Red Deer man faces sentence over drug grow-op

A thumbprint discovered on a high intensity light used in powering a marijuana growing operation proved to be a key factor in convicting a drug dealer on Tuesday.

A thumbprint discovered on a high intensity light used in powering a marijuana growing operation proved to be a key factor in convicting a drug dealer on Tuesday.

Jay Hein Tang, 42, of Red Deer will be sentenced today after he was convicted of possession of marijuana for the purpose of trafficking and the theft of electricity following a two-day Red Deer Court of Queen’s Bench trial.

Tang should be sent to jail for two to two and a half years, argued federal Crown prosecutor Dave Inglis.

Justice June Ross of Edmonton said she needed time to assess the appropriate sentence after defence lawyer Lauren Garcia lobbied for a conditional sentence to be served in the community.

Tang was busted by RCMP in November 2007. They found 586 marijuana plants in various stages of growth at a residence on Selkirk Boulevard in Sunnybrook.

Ross heard the value of the operation was estimated at between $750,000 and $1 million yearly if three crops were harvested.

The operation was conducted in the basement and was powered by electricity that Tang had diverted from the City of Red Deer power lines.

Ross said the most compelling evidence was that Tang’s thumbprint was found on the socket of a light designed to illuminate plants and covered by a large shade.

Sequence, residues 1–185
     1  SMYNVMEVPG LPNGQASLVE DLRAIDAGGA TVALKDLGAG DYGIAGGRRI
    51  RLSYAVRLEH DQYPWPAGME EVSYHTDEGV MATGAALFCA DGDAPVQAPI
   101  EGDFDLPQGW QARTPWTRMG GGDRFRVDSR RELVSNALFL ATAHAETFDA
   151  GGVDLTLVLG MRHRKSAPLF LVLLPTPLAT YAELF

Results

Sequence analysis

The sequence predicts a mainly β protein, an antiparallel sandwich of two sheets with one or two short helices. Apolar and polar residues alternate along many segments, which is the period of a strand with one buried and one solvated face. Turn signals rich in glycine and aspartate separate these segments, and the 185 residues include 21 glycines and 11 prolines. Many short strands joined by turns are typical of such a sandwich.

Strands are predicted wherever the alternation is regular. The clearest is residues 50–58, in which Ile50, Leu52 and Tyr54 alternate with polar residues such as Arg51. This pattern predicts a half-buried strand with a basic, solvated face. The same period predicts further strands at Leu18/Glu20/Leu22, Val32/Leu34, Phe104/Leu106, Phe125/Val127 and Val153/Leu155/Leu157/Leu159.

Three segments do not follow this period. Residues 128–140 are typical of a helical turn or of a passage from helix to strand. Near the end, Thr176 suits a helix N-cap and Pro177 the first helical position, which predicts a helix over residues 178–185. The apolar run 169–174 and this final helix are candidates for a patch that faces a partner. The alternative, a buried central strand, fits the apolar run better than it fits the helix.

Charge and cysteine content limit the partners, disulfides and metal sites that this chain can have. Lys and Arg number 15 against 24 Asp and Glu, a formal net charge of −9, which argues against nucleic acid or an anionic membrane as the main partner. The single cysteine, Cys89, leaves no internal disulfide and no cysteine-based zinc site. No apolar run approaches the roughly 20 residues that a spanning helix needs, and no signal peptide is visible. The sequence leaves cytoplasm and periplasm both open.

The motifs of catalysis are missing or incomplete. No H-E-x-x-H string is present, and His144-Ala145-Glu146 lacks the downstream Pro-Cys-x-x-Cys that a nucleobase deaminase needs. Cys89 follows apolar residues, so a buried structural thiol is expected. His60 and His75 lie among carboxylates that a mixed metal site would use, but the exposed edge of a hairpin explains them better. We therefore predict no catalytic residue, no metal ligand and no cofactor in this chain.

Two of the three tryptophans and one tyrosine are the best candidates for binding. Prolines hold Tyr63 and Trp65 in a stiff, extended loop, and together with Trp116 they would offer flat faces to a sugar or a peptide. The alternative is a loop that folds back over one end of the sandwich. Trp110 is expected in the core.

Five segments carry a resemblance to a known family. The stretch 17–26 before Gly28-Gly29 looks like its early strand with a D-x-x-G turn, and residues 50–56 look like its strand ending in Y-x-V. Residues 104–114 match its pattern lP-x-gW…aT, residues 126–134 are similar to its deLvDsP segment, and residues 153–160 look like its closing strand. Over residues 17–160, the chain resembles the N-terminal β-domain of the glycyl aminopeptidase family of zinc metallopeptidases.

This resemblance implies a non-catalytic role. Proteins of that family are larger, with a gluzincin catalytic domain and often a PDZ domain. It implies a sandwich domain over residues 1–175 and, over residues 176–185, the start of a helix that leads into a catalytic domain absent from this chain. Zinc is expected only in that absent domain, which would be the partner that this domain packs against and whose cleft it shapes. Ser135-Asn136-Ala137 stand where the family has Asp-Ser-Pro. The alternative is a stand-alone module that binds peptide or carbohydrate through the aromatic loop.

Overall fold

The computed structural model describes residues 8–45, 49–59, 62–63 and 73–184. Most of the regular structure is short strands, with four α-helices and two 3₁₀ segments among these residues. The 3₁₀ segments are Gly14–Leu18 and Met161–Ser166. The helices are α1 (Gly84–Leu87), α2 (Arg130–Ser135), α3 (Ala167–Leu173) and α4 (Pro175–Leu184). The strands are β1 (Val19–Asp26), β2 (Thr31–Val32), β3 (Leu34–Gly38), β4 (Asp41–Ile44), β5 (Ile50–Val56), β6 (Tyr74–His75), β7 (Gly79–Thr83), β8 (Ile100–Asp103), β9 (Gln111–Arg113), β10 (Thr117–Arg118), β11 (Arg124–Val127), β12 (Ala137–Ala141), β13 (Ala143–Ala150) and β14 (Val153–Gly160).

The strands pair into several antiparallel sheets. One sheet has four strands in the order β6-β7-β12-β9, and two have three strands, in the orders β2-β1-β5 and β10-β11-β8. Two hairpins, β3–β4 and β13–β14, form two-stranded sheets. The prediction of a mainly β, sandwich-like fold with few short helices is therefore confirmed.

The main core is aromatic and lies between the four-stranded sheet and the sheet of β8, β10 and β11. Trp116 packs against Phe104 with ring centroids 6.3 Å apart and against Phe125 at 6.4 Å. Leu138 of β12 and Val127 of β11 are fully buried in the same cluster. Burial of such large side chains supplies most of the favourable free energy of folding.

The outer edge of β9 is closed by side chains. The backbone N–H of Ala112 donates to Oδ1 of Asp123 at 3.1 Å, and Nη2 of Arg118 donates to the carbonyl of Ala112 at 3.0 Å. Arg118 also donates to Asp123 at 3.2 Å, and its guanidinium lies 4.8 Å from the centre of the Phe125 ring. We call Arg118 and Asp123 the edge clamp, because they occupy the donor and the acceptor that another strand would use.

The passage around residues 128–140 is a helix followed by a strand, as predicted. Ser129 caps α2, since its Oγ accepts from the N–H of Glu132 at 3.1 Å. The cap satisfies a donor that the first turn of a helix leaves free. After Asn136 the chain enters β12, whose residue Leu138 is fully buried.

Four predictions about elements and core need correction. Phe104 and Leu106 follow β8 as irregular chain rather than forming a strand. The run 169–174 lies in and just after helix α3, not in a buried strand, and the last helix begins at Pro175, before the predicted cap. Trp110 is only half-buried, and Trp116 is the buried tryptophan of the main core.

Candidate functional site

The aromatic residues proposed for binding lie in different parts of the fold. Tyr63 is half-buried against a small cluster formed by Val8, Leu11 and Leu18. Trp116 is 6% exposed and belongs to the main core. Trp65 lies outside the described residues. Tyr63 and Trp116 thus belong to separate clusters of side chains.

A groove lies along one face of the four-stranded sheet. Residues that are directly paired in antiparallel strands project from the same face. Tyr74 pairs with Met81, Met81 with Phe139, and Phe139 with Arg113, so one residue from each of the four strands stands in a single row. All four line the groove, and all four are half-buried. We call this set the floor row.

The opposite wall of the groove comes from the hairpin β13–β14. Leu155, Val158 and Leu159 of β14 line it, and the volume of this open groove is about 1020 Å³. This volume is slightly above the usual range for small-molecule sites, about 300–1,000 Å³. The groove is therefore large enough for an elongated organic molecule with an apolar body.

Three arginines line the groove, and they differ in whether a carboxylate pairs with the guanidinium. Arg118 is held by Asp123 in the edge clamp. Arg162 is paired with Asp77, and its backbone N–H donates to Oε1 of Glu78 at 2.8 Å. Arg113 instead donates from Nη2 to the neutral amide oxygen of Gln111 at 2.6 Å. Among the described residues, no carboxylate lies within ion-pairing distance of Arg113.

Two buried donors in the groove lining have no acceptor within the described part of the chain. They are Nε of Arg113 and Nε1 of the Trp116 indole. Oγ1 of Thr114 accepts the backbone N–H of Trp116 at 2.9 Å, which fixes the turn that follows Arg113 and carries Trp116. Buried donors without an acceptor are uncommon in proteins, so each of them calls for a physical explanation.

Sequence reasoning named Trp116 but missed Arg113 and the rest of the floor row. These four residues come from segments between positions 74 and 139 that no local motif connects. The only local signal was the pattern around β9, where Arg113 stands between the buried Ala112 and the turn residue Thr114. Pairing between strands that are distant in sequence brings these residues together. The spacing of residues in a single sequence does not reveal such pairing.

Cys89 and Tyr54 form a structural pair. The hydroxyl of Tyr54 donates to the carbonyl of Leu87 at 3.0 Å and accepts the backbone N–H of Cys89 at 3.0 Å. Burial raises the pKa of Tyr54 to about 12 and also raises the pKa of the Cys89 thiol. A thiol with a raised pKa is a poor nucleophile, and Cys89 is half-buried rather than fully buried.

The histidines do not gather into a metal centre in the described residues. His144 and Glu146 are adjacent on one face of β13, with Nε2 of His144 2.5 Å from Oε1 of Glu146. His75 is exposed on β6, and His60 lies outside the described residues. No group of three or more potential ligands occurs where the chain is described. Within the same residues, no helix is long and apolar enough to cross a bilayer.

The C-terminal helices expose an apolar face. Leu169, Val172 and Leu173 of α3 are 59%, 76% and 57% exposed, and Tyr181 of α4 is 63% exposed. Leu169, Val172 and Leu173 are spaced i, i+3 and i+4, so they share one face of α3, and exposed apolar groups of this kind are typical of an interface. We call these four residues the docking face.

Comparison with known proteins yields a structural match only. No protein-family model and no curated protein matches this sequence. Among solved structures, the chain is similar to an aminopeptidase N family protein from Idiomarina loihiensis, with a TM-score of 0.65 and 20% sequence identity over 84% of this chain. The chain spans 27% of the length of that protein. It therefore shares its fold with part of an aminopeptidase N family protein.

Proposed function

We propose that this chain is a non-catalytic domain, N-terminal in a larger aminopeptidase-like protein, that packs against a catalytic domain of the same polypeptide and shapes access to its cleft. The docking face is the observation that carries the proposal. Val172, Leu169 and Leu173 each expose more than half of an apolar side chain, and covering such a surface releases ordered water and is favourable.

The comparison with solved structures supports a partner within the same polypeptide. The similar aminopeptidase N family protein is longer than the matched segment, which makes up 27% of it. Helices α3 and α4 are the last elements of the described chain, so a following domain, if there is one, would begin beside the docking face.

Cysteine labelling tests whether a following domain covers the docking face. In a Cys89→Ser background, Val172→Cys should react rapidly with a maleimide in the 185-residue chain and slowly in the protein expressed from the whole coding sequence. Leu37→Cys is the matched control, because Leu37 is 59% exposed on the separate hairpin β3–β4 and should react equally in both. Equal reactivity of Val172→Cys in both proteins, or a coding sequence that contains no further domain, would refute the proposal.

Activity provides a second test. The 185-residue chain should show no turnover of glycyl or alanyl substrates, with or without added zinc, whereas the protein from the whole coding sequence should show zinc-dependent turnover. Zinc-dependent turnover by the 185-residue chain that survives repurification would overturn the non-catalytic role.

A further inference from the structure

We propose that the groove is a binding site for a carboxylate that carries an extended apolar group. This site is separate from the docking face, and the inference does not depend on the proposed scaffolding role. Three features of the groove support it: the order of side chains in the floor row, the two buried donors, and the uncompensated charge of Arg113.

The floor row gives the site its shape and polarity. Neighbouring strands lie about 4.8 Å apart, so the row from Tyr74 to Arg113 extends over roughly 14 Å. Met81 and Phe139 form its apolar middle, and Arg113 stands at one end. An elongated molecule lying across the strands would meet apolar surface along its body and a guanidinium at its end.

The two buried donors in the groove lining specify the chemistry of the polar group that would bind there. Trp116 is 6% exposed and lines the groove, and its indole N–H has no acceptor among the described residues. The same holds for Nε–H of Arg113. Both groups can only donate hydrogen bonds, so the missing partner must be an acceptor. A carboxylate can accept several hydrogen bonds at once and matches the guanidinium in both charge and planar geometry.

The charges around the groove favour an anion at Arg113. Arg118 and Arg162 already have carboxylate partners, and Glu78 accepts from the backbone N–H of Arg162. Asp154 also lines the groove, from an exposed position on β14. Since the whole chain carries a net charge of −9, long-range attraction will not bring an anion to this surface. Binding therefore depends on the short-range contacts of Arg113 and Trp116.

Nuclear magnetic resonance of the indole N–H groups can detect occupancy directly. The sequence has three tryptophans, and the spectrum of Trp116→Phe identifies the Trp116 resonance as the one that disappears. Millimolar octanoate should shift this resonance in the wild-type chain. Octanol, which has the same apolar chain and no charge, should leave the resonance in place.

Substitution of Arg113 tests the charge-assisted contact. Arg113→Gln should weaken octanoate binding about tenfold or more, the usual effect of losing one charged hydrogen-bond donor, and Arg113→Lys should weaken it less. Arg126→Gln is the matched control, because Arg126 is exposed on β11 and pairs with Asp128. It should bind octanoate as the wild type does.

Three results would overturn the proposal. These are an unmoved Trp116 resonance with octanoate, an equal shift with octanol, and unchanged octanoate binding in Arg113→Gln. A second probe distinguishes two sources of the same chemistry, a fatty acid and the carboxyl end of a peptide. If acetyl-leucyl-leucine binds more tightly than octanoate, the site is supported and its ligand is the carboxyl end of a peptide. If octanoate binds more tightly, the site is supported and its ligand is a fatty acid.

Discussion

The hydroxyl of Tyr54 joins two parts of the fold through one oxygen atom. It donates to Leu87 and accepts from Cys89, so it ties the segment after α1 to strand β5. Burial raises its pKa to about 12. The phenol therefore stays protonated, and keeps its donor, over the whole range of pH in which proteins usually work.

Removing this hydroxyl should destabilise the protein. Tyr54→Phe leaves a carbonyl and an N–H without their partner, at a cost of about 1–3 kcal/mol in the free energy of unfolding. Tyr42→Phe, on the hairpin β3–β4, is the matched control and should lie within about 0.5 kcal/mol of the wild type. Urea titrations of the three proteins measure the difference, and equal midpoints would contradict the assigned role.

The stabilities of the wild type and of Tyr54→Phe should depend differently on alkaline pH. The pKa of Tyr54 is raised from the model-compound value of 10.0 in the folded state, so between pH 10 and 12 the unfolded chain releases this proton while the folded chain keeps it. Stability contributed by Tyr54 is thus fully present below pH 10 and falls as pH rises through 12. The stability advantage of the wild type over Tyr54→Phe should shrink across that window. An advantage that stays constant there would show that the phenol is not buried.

“There’s just no way of explaining that piece of evidence,” the judge said.

His fingerprints were also found on 11 beer bottles throughout the house.

Tang contended he had rented the house to a couple of men whose names he couldn’t remember. He also couldn’t provide documentation about the rental agreements or receipts of rent.

Garcia, in her summation, said her client was afraid to tell RCMP the men’s names because of the fear of retaliation.

Inglis said Tang’s evidence was contrived because it was vague and evasive.

Inglis argued that a conditional sentence isn’t warranted because at least four other convictions in Red Deer in the last year for similar offences have all resulted in jail terms.

“Looking at this in a bigger sense, the judiciary in this community have resisted conditional sentences.”

He said when a person sets up a grow operation of this size, their action is a danger to the community.

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